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```									Compensating Wage
Differentials
7/20/09
Introduction

• The labor market is not characterized by a single wage:
workers differ and jobs differ
• Adam Smith proposed the idea that job characteristics
influence labor market equilibrium
• Compensating wage differentials arise to compensate
workers for nonwage characteristics of the job
• Workers have different preferences and firms have
different working conditions
Indifference Curves Relating the Wage and
the Probability of Injury on Job
The worker earns a wage of
w0 dollars and gets U0 utils
if she chooses the safe job.
She would prefer the safe
job if the risky job paid a
wage of w’1 dollars, but
would prefer the risky job if
that job paid a wage of w’’1
dollars. The worker is
indifferent between the two
jobs if the risky job pays w^
1. The worker’s reservation
price is then given by Δw^ =
w^1 - w0.
The Market for Risky Jobs

• Workers care about whether their job is safe or risky
• Utility = f(w, risk of injury)
• Indifference curves reveal the trade offs that a worker
prefers between wages and riskiness
• Firms may have a risky work environment because it is
less expensive to pay higher wages than to make the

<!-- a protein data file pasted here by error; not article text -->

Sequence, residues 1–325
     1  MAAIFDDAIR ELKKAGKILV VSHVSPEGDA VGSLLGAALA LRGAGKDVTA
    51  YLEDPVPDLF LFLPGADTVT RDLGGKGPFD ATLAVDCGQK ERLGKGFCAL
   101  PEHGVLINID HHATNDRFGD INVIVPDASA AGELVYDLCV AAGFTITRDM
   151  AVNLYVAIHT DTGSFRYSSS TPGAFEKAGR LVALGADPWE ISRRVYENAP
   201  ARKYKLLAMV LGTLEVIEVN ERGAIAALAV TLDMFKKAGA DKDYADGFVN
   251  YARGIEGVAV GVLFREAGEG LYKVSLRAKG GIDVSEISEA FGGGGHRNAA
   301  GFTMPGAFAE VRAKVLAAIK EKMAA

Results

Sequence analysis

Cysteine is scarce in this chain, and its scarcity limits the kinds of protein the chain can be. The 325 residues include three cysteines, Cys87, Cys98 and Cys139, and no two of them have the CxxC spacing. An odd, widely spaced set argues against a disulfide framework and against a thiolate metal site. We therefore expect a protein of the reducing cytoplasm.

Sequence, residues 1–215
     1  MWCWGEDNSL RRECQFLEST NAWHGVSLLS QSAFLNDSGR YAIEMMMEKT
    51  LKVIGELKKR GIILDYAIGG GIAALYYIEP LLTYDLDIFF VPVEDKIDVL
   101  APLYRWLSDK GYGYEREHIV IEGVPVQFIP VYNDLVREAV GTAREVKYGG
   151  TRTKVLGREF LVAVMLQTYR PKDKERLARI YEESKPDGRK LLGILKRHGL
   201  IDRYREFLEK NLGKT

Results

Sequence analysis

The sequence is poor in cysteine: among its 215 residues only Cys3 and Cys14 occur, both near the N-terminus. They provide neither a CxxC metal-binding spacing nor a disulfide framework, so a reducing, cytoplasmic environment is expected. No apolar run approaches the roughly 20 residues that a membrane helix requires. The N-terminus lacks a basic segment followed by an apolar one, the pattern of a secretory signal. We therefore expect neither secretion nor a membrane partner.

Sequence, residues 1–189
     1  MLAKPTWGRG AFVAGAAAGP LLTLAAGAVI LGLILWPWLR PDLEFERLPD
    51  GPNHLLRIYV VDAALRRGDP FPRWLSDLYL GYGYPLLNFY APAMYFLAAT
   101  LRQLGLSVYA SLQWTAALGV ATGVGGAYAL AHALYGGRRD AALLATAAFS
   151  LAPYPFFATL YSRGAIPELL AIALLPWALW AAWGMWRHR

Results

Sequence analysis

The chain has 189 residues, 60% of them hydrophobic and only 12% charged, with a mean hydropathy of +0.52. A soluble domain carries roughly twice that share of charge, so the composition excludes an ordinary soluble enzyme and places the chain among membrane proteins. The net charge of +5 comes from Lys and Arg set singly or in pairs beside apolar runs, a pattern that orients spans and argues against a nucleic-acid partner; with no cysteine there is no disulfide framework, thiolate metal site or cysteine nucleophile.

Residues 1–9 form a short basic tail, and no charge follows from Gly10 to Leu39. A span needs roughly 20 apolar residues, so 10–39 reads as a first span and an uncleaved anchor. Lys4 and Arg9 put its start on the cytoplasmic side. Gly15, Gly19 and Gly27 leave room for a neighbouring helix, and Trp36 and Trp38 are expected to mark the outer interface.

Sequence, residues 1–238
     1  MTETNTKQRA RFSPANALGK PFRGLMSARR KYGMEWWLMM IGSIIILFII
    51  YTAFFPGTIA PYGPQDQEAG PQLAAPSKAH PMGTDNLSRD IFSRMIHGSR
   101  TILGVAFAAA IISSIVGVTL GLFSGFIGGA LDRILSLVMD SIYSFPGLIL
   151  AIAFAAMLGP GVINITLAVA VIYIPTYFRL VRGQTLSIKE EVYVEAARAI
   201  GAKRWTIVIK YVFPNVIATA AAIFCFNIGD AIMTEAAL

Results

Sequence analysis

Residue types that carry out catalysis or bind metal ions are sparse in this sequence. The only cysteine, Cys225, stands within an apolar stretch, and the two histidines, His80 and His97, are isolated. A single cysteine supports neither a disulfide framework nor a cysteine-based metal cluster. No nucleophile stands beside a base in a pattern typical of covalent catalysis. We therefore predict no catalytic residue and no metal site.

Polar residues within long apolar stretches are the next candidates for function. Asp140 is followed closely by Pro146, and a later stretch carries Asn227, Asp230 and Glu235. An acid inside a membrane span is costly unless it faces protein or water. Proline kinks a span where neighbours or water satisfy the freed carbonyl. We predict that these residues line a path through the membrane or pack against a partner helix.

environment safe
Determining the Market
Compensating Differential
w1 - w0

The supply curve slopes up
S
because as the wage gap between
the risky job and the safe job
increases, more and more workers
are willing to work in the risky job.
P
(w1 -w0)*
The demand curve slopes down
because fewer firms will offer risky
working conditions if risky firms
have to offer high wages to attract
workers. The market compensation
D                differential equates supply and
demand, and gives the bribe
Number of
E*       Workers in
required to attract the last worker
Risky Job    hired by risky firms.
Market Equilibrium when Some Workers
Prefer to Work in Risky Jobs

w1- w0
If some workers like to
work in risky jobs (they are
S
D                               willing to pay for the right
to be injured) and if the